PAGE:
Weekly, conversations about eroding shared governance on campus surface. Professors are frustrated about being left out of important decisions, like administrative searches and curriculum changes, and the fast decisions made by administrators to keep up with the rapidly changing nature of higher education often are met with faculty member resistance.
To complicate things, there is no singular definition of what shared governance is, and it varies from campus to campus. Loosely, it is used to mean equal decision-making rights among administrators, faculty members and other stakeholders, but leaders at the Association of Governing Boards think this should not be how shared governance is viewed. Instead, AGB officials told an audience during the Association of American Colleges and Universities annual meeting earlier this year that shared governance should be seen as shared responsibility for the well-being of the institution, and to take it a step further — student success.
But shared governance has to be built on a foundation of trust and a belief that all parties are working toward the same goals and are on the same side. In the current climate, these things are not guaranteed — and the over reliance on contingent faculty members, who often don’t have a voice, not only stands in the way of building trust, it also hinders faculty members’ ability to foster institutional pride and connection, other factors that would give way to a trust of leadership.
Part of this is the recent propensity of boards to appoint presidents, cabinet members and deans without a formal search process or with very short comment periods and little notice of the candidates’ campus visits. A belief that appointments are made as political favors, rather than in the best interest of the institution or its students will always be accompanied by an inherent mistrust of any decision made by those leaders.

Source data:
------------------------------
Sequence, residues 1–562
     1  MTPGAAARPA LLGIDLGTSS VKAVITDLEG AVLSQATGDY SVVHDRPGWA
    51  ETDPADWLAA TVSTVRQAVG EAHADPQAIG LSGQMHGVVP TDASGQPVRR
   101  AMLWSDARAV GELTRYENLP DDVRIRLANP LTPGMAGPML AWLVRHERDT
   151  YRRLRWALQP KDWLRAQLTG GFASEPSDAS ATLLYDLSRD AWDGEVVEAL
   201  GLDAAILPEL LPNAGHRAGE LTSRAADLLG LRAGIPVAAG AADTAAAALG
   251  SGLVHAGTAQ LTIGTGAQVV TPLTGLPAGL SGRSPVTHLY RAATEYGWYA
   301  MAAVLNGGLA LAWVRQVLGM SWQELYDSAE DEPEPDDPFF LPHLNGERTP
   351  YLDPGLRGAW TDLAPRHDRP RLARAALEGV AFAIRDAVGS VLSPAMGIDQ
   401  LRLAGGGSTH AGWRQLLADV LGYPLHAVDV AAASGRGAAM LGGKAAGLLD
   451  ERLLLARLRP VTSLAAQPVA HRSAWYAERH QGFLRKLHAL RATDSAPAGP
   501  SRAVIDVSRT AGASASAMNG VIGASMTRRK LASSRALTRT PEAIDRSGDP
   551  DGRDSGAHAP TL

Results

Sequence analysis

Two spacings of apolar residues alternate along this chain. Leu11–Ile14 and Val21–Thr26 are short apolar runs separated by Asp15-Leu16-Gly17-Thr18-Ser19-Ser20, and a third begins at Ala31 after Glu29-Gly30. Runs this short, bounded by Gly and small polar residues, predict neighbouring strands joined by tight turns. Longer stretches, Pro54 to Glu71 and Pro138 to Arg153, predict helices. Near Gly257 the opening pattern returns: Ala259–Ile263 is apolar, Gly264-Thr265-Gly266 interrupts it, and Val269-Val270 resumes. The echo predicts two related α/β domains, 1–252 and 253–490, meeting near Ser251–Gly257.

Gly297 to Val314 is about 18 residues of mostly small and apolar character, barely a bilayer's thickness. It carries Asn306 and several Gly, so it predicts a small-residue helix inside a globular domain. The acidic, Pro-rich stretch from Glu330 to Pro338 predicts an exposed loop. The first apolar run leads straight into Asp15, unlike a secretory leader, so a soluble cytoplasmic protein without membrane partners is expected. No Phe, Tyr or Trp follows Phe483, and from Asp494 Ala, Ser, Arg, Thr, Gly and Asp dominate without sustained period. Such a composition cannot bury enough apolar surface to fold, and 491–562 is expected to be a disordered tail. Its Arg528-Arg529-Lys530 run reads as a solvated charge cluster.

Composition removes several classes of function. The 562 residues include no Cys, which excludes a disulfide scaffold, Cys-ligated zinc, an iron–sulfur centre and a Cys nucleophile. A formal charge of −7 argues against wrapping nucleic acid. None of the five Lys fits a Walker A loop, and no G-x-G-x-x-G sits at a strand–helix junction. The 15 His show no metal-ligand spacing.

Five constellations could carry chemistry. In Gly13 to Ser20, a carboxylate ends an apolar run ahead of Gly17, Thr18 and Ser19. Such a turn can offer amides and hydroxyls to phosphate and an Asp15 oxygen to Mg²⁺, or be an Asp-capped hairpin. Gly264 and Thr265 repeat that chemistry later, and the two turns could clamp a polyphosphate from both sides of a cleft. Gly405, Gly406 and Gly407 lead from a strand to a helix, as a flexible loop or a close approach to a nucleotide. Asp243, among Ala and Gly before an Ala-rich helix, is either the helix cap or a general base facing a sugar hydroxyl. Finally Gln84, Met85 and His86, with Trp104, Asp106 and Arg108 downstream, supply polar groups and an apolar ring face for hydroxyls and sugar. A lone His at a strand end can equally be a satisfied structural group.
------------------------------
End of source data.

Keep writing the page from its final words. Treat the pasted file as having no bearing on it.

Similarly, the propensity to bring in an increasing number of leaders from outside of the academic ranks can draw immediate distrust from faculty members who want to know “where is his/her research?” And in a digital age, when social media can quickly disseminate any message to thousands, faculty questions about candidates’ qualifications, whether warranted or not, can lead to an embarrassing situation for both the candidates and the institution, as officials at University of Massachusetts Boston learned last week when faculty member complaints shut down their search for a chancellor.
It is impractical for faculty members to expect to be included on every decision big decision; such a practice would drag out every initiative and make it difficult to serve the needs of students and react to changes in industry in real-time. But leaders should recognize the value that shared governance offers. Proposals such as the one University of Wyoming leaders recently abandoned that would have allowed administrators to change or amend policies at any board meeting with or without notice not only erode trust, but are not in the best interest of student success and the overall success of the institution.
Faculty members are often closest to students and best know what challenges they face. Not only that, but at many institutions, professors outlast administrators. As the average presidential tenure continues to decline, several reports point to the fact that faculty members are staying with their institutions well past retirement age. There are important insights about student behavior and institutional knowledge that can be gleaned from faculty members, but those people also an be resistant to change and enforcers of “the way we’ve always done things,” presenting unique challenges for new leaders hoping to innovate and change things quickly.
Regardless of the approach taken, this is a conversation about trust that must be had on all campuses and with all stakeholders at the table. Not only is shared governance an important method for representing multiple perspectives in major processes, it’s also an important recruiting tool. When state legislators made changes to the University of Wisconsin shared governance policy, faculty members were dismayed, and a few high-profile departures surrounded the announcement. Scholars had opted to take less money for a greater stake in the decision-making process and stronger tenure protections.